• Hormone free chicken (when meat in Australia can't have added hormones)
  • CFC (Chlorofluorocarbons) free (when it's been outlawed for years)
  • Not tested on animals (when it wouldn't usually be anyway)
Not tested on animals

2. Misdirection

Misdirection is another sign. It’s when a company seems to say, “look over there!” Companies may tell you one thing that seems "green" while avoiding a discussion about other activities that aren't. Greenwashing examples can include:

  • Recyclable materials (but you can't pull them apart to recycle)
  • Not tested on animals (but it's made of animal products, for example)
  • Made with (which could mean it's got only the tiniest amount of that thing)
  • Water is healthy (but it's in a single use plastic bottle, and you could get it free from a tap anyway)
  • Publicly proclaiming, quietly lobbying (shouting about good deeds, but lobbying to stop real progress being made)
  • Hand made (but unethical workplaces)

Recyclable materials

3. Confusion

To create confusion is another sign of greenwashing. It’s when companies use terms that are deliberately confusing for the consumer.

You’ve probably seen products that say they’re degradable, have 50% more recycled content, or are chemical free.

There’s no such thing as “chemical free” products. Even the water we drink consists of the chemicals hydrogen and oxygen.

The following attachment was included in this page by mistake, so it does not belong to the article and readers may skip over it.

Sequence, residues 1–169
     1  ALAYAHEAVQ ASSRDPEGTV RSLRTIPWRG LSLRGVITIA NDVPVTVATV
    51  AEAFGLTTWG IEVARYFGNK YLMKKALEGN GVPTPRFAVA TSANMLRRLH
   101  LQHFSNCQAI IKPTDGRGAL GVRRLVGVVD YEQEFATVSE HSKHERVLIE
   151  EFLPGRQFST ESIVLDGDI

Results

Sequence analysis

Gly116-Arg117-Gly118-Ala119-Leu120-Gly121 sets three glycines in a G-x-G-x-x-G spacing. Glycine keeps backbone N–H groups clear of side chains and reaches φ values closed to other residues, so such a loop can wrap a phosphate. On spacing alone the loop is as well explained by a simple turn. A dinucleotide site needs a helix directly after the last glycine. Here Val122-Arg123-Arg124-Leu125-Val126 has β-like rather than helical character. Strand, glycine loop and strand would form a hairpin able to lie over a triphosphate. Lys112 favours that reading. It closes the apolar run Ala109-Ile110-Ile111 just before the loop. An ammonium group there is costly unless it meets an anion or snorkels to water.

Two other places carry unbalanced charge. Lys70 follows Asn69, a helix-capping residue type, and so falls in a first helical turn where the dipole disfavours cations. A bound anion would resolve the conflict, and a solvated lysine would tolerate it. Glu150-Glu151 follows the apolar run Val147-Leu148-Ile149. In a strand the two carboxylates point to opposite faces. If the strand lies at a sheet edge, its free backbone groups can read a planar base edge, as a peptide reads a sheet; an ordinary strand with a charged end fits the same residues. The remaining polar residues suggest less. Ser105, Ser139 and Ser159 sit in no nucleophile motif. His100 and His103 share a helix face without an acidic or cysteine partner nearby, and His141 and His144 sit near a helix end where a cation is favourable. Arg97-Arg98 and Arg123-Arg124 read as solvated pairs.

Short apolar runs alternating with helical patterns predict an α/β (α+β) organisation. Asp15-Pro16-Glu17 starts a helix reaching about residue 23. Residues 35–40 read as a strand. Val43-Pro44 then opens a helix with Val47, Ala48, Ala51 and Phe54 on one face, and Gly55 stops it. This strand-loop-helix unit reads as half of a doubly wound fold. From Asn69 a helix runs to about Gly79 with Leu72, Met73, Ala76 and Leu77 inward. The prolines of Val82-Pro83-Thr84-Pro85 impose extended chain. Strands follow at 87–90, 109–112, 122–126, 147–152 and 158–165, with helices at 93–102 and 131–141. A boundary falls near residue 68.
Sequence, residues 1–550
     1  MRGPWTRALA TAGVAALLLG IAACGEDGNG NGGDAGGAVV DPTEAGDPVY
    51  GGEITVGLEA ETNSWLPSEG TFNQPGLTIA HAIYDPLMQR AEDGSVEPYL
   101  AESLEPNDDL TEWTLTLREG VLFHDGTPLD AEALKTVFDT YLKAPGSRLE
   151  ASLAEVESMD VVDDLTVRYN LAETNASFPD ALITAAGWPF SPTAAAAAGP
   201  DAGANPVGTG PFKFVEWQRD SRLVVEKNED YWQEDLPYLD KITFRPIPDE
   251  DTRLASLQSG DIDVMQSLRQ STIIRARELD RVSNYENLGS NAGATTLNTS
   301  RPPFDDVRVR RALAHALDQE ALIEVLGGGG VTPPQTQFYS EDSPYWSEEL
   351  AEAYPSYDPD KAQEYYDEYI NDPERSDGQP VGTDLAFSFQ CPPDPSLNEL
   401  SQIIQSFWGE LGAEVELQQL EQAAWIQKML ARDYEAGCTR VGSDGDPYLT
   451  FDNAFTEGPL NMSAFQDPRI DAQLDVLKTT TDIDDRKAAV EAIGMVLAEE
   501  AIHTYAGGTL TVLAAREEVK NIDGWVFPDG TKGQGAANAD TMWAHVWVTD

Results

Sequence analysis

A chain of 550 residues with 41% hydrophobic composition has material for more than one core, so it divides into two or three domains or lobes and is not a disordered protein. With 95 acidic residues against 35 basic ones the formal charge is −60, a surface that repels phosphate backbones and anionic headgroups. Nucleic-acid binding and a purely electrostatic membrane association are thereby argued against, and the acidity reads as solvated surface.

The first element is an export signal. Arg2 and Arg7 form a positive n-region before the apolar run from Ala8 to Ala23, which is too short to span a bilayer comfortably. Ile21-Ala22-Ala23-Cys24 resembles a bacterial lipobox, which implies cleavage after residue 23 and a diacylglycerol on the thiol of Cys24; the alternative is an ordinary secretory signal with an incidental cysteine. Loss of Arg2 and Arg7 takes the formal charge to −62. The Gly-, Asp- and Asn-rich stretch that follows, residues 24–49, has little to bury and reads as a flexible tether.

Degradable simply means that the plastic breaks down into smaller pieces, but it doesn't mean that it disappears completely.

And 50% more recycled content? Well that all depends on how much recycled content there was in the first place, doesn't it?

4. Using vague terms

Using vague terms is another sign. Companies use very broadly or hard to define words that mean nothing. These vague terms feed certain myths about “green products” like chemical free or non toxic. Other examples can include:

  • Up to 40% recycled (so 40% would be the best, but it could also be 0% recycled)
  • Pure, natural, organic (phrases with no legal meaning)
  • Plant based (but could be so highly processed that it's effectively synthetic)
  • Eco, green, environmentally friendly (more phrases with no legal meaning)

5. No proof of claims

Showing no proof of any claim is a greenwashing sin as well. Some companies make environmental claims with no evidence to back it up. Some will even make false claims like their product is 40% recycled, or cruelty free without having a Leaping Bunny symbol.